Calculations based on US Geological Survey (USGS) digital elevation models (DEMs) inherit any errors associated with that particular representation of topography. We investigated the potential impact of error in a USGS 30 m DEM on terrain analysis over 27 km 2 . The difference in elevation between 2652 differential Global Positioning Systems measurements and USGS 30-m DEM derived elevations provided the comparative error dataset. Analysis of this comparative error data suggested that although the global (average) error is small, local error values can be large, and also spatially correlated. Stochastic conditional simulation was used to generate multiple realizations of the DEM error surface that reproduce the error measurements at their original locations and sample statistics such as the histogram and semivariogram model. The differences between these alternative error surfaces provide a model of uncertainty for the unknown DEM error spatial distribution. These DEM errors had a significant impact on terrain attributes which compound elevation values of many grid cells (e.g. slope, wetness index, etc.). A case study using terrain modeling demonstrates that the result of error propagation is most dramatic in valley bottoms and along streamlines.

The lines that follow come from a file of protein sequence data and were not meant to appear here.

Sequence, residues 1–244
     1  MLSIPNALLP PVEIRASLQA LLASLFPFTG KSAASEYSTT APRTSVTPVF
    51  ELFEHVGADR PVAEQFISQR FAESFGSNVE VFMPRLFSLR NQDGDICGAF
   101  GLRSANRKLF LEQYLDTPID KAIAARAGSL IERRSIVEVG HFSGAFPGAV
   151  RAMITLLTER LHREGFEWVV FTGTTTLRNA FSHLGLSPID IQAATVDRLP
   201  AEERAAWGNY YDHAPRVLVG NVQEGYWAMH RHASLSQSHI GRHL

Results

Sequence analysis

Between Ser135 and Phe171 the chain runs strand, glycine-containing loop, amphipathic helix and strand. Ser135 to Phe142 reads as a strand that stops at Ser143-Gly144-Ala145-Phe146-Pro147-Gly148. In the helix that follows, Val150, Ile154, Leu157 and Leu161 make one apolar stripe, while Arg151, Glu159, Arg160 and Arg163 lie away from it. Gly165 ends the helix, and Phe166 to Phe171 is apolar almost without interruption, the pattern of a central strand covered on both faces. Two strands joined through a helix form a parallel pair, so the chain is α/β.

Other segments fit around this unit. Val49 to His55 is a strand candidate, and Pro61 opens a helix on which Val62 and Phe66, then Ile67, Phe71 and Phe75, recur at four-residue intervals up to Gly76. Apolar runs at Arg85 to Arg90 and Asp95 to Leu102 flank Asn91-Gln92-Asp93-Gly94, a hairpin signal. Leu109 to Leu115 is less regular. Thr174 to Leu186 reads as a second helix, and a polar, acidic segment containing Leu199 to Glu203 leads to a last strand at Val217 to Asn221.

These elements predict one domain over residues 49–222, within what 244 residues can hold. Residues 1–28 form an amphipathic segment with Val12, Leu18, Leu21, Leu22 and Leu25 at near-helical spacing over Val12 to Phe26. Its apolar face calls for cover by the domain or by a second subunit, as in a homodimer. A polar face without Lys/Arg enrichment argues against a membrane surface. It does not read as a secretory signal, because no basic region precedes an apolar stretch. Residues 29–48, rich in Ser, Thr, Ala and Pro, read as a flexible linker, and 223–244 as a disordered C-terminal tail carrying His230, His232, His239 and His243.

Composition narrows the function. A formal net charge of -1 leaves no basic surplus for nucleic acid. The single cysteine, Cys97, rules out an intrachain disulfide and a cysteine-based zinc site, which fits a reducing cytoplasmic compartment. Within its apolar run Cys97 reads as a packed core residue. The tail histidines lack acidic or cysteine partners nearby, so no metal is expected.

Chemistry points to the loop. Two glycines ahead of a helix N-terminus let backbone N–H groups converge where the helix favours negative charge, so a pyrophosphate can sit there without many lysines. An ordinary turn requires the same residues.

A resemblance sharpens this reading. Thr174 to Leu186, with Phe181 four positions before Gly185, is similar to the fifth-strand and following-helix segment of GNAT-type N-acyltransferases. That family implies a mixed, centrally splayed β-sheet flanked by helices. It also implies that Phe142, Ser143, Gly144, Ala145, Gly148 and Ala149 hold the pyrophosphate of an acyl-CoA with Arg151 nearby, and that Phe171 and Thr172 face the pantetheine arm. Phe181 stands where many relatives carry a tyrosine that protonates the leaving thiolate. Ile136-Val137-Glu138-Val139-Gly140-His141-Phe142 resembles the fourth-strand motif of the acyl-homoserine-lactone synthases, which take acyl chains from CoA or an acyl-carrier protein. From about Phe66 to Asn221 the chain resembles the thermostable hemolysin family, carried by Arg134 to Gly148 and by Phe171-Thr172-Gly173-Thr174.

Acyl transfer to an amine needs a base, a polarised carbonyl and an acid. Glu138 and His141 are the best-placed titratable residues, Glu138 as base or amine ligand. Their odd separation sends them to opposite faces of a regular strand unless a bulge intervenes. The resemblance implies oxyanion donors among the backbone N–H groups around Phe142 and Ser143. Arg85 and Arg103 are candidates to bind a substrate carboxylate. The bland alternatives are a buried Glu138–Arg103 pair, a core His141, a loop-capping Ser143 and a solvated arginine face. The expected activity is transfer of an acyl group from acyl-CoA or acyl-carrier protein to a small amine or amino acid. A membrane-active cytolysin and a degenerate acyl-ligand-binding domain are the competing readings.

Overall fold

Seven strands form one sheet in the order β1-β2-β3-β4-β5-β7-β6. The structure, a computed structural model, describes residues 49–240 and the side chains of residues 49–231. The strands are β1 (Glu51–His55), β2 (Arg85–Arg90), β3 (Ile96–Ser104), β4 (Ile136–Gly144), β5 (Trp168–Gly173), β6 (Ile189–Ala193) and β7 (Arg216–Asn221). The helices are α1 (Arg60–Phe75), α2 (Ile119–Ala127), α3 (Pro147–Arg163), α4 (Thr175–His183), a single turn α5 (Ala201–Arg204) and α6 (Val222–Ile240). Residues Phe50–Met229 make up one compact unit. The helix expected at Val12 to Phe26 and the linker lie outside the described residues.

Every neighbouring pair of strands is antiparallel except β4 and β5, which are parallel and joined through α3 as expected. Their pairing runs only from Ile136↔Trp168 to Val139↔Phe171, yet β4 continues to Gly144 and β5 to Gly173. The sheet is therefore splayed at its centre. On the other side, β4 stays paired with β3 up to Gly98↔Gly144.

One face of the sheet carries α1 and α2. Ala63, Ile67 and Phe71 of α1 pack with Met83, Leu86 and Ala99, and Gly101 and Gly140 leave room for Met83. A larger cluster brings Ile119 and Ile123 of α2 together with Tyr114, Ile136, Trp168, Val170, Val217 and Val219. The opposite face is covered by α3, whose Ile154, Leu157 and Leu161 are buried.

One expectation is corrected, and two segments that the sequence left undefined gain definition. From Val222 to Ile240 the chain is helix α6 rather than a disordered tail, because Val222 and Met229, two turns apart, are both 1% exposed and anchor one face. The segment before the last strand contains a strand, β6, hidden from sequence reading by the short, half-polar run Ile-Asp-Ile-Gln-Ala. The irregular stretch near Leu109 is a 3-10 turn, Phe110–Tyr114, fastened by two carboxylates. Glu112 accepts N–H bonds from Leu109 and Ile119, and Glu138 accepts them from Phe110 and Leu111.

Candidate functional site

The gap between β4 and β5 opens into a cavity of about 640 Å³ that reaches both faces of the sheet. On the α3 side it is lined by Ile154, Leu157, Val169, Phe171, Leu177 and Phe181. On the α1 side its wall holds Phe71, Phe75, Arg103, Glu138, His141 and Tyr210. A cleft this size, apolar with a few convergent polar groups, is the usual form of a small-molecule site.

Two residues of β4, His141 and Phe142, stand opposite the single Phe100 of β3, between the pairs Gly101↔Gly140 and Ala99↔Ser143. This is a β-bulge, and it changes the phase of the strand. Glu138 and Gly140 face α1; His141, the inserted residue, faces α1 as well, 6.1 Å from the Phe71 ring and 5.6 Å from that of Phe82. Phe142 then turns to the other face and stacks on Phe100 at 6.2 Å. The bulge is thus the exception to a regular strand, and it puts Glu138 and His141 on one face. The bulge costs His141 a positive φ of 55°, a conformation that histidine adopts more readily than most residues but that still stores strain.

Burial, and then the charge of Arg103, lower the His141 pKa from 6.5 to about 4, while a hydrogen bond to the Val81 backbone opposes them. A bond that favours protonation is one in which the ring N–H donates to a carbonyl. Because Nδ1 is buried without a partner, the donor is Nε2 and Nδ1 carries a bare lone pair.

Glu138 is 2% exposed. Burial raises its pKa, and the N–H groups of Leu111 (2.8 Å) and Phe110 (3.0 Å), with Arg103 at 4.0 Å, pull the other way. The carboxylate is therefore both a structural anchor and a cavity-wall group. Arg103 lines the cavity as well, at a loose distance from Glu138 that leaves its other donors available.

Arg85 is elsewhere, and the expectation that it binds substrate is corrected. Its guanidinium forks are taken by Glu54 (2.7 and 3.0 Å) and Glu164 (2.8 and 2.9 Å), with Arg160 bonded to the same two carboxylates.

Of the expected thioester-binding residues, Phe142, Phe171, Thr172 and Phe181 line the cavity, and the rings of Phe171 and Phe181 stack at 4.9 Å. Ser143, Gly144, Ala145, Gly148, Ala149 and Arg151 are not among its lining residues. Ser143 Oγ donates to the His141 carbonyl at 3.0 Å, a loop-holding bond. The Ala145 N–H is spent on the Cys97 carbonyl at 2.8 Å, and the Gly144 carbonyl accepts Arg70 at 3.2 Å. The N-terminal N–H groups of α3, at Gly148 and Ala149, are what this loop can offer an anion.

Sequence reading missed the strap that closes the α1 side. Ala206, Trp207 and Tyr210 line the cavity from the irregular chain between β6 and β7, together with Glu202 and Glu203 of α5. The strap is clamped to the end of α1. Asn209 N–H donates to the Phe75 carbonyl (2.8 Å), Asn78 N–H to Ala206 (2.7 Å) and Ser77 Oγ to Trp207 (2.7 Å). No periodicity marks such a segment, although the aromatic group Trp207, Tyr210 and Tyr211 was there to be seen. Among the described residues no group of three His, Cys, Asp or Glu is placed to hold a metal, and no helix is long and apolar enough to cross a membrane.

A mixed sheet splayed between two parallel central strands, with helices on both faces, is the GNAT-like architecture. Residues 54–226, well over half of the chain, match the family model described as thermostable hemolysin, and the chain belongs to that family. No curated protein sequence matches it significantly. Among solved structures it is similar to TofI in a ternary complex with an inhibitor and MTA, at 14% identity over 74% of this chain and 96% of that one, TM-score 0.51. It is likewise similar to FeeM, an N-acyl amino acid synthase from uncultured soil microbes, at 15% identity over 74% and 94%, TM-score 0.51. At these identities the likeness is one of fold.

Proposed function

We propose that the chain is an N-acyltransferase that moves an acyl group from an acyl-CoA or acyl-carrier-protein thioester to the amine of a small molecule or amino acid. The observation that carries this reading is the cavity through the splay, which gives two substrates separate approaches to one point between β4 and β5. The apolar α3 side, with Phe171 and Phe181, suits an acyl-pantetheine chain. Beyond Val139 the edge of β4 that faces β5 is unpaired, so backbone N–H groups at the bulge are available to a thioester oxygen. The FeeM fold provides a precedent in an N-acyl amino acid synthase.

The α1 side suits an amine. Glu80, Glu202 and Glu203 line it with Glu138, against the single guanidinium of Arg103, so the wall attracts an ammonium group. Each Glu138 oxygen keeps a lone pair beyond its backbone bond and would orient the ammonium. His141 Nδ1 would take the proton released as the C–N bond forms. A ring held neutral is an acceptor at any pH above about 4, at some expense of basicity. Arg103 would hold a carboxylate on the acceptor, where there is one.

Journal of Hydrology – Elsevier
Published: Jun 12, 2000
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